We look at ourselves in a way that no one else would, so we can be acutely aware of aspects of hair and face that no one in passing would notice or be bothered about. We work in a visual arts medium and our physical appearance is a big aspect of the job, but it is absolutely not the most important aspect of what we do. Changing it is a business decision, and should be done to help you operate your small business and ultimately book some gigs.

To Wrap it All Up

I’ve just done a whole lot of chat about headshots, but remember your headshot being completely and 100% up to date is not going to make or break that next gig. It’s just something to consider updating (when you have the funds and the time) if you and/or your agent feel that your current shot longer serves you.

It’s not the be all and end all, but it’s also never a bad thing to absolutely love your headshot, love what it does for you, and make sure it isn’t going to stress you out and distract you from doing your job well. Ultimately it’s something you shouldn’t even be thinking about when you walk in the room so you can just get in, feel nothing but confident, smash that audition, get out and get on with your day.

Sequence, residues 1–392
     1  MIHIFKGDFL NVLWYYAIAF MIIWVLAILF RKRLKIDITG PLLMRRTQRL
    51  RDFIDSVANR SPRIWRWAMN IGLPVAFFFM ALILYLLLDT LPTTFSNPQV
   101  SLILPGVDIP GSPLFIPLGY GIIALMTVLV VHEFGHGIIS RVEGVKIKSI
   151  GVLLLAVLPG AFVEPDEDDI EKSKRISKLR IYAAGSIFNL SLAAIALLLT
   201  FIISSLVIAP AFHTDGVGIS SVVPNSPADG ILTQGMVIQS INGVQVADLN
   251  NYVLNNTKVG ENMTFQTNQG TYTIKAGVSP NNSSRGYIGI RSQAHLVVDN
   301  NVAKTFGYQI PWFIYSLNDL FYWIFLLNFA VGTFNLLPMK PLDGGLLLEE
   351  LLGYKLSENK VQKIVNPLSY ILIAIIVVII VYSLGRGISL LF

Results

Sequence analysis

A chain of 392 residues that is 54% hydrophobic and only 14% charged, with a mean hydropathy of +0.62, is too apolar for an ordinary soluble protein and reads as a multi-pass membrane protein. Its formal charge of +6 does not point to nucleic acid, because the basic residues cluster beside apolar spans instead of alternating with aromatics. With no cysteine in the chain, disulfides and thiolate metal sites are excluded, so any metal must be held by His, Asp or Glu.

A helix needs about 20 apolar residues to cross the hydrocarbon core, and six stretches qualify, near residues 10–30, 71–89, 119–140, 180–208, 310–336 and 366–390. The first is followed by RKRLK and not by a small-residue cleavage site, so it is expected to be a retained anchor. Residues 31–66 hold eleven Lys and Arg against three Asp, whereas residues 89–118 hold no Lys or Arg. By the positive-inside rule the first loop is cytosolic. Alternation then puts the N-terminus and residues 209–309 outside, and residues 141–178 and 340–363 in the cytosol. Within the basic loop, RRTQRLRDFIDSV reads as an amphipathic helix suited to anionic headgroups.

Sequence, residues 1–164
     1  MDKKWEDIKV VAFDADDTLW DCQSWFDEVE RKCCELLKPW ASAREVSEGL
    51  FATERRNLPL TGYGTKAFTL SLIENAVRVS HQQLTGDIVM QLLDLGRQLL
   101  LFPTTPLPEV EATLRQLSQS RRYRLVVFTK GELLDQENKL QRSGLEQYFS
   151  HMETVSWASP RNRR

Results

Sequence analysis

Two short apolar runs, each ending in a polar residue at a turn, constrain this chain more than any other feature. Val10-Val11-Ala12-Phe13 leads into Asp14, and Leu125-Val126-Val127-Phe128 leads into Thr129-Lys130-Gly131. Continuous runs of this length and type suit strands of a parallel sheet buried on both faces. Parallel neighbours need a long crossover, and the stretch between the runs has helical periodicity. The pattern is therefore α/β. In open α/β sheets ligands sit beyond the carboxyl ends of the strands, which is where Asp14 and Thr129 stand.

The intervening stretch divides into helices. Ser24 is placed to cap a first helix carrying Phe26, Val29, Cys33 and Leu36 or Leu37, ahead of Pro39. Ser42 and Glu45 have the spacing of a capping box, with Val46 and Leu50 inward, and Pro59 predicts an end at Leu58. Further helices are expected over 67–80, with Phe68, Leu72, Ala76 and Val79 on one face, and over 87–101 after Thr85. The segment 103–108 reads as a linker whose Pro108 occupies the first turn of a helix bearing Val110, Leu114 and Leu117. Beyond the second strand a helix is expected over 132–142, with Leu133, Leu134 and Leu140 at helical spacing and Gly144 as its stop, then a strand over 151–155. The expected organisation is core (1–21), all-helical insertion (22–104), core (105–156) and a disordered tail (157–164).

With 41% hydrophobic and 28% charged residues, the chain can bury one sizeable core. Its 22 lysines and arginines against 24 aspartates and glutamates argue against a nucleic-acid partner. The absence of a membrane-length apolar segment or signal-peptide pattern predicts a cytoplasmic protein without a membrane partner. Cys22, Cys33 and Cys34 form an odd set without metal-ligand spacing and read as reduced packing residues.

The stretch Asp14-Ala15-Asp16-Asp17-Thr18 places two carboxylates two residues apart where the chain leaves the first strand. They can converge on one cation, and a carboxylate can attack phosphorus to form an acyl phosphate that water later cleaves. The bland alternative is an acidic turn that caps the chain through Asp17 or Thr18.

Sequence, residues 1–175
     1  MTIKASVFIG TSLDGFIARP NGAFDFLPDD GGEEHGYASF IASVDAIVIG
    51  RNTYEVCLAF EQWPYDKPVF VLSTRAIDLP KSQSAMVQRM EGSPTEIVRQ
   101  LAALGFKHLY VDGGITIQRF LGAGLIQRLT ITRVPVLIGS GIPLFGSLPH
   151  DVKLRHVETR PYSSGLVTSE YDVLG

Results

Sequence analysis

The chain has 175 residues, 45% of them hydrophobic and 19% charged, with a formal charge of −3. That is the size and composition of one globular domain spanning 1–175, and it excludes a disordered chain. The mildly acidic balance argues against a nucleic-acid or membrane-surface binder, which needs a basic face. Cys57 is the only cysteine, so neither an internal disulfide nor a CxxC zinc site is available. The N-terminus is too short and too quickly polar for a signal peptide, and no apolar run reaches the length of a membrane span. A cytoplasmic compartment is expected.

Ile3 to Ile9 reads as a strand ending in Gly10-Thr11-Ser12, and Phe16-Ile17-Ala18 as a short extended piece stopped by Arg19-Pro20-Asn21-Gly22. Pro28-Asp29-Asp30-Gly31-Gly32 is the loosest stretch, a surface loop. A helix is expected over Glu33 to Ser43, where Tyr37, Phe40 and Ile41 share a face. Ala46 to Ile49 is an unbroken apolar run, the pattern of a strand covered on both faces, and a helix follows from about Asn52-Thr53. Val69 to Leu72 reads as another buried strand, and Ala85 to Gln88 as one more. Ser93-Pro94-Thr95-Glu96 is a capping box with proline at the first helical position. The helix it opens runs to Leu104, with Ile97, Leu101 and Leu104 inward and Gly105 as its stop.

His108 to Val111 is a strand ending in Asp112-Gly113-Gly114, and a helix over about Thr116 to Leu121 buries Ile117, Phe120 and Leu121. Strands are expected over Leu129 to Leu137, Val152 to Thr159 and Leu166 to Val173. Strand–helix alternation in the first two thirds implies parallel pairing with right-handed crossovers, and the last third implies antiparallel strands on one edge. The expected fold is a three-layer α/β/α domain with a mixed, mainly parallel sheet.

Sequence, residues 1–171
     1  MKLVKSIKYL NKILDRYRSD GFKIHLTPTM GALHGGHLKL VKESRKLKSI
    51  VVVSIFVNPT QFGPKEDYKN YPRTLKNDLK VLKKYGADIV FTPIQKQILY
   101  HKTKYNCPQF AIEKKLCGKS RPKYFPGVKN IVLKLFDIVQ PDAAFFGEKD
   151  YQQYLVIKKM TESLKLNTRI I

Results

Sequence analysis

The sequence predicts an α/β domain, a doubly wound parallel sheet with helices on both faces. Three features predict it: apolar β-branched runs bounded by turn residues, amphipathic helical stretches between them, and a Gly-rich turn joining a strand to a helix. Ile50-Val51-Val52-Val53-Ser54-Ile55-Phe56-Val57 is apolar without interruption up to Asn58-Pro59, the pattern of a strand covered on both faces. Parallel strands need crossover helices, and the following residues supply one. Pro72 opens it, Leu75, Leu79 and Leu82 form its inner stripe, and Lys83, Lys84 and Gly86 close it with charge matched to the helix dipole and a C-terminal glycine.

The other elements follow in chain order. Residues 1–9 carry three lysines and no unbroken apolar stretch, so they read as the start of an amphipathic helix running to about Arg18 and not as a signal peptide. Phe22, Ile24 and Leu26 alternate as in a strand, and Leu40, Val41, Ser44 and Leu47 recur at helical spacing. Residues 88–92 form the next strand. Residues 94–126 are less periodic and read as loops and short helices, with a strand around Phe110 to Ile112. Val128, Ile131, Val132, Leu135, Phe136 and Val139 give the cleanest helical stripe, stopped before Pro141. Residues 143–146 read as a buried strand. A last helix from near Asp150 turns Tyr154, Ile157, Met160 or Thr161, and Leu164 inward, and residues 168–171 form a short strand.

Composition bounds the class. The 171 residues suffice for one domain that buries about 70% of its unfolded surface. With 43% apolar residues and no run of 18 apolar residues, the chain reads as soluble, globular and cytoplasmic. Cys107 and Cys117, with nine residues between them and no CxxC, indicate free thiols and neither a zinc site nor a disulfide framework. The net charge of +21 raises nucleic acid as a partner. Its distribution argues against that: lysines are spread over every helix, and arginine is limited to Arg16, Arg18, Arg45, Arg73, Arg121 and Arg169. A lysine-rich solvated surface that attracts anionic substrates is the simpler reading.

Learn more about headshots at StageMilk’s Complete Guide to a Great Headshot and make sure you check out What Makes a Bad Headshot

Ready for a new headshot? 

If you’re looking for Sydney Headshot Photographers, Melbourne Headshot Photographers, or L.A. Headshot Photographers we’ve got you covered!

 

About the Author

StageMilk Team

is made up of young professional actors and writers from around the world. This team includes Andrew Hearle, Luke McMahon, Indiana Kwong, Patrick Cullen and many more. We all work together to contribute useful articles and resources for actors at all stages in their careers.

About the Author

StageMilk Team

is made up of young professional actors and writers from around the world. This team includes Andrew Hearle, Luke McMahon, Indiana Kwong, Patrick Cullen and many more. We all work together to contribute useful articles and resources for actors at all stages in their careers.